- Perilous terrain: Humanitarian action at risk in Mali
- Mali: Perspectives sur la sécurité alimentaire février à septembre 2017
- OCHA Humanitarian Bulletin, December 2016 – January 2017 EN/FR
Appeals & Funding
- Aperçu des besoins humanitaires 2017
- Plan de Réponse Humanitaire, Janvier - Décembre 2017
- IOM Humanitarian Compendium
- Mali Ministère de la Santé et de l'Hygiène
- UNHCR Opération Mali Portail de partage de l'Information
- Sahel Online Reporting System
- OCHA Mali
- Mission multidimensionnelle intégrée des Nations Unies pour la stabilisation au Mali (MINUSMA)
- OCHA Sahel Crisis
- Food Security Cluster: Mali
- HRW Report: Mali Events of 2016
- 397 Fractional-dose inactivated poliovirus vaccination campaign, Telangana state, India, June 2016
- 403 Monthly report on dracunculiasis cases, January– May 2016
- 397 Campagne de vaccination par une dose fractionnée de poliovirus inactivé, État du Telangana (Inde), juin 2016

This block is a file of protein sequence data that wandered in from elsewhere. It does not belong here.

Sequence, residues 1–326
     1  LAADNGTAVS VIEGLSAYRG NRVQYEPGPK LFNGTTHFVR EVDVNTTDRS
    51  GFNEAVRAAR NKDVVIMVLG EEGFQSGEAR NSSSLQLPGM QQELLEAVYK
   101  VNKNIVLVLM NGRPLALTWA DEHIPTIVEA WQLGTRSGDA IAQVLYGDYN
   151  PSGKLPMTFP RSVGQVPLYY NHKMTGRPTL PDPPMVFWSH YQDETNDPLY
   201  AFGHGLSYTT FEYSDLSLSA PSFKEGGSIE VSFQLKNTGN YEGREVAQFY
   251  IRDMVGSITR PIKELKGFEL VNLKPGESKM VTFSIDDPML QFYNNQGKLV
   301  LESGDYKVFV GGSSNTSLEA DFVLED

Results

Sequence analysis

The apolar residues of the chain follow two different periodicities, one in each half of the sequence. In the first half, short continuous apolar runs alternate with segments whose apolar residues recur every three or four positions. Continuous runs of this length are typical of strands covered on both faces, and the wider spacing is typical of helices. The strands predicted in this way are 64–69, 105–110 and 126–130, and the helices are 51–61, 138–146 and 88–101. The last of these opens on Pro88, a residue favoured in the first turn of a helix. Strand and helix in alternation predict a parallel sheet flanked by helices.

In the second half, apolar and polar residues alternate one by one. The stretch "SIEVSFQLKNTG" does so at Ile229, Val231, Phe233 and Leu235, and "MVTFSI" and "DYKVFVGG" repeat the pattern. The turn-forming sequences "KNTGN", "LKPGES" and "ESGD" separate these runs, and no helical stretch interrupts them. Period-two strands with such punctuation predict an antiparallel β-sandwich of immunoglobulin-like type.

- 403 Rapport mensuel des cas de dracunculose, janvier-mai 2016
Imagine a humanitarian convoy made up of hundreds of tonnes of rice travelling from one country to another- 2500 miles apart-for the benefit of people in need. That was the case recently when the ICRC New Delhi purchased 450 tonnes of rice from Burdwan in West Bengal, India, on behalf of ICRC headquarters, for distribution to beneficiaries across different Syrian cities where people are facing extremely difficult conditions because of the on-going armed conflict.
India’s plans for $775 million in support of a national action plan on climate change were endorsed
WASHINGTON DC, November 4, 2011 – A week of meetings among countries participating in the Climate Investment Funds (CIFs) has resulted in more than $1 billion committed to solving the problems of climate change. Today, the Climate Investment Funds approved $ 1.08 billion in near-zero-interest loans and grants to support Bolivia, Honduras, India, Jamaica, Lao PDR, Mali, Mexico, and Nepal in their efforts toward arresting and adapting to climate change.
Melinda Smale, Marc J. Cohen, and Latha Nagarajan
There are no easy solutions to the ongoing food price crisis. Maize and wheat prices doubled between 2003 and 2008, and the price of rice doubled in the first four months of 2008, rising 33 percent in a single day. Even with declines in food prices later in 2008, prices remain well above 2000-2005 levels. To address the complex causes of this phenomenon, IFPRI has recommended a combination of "emergency" and "resilience" actions.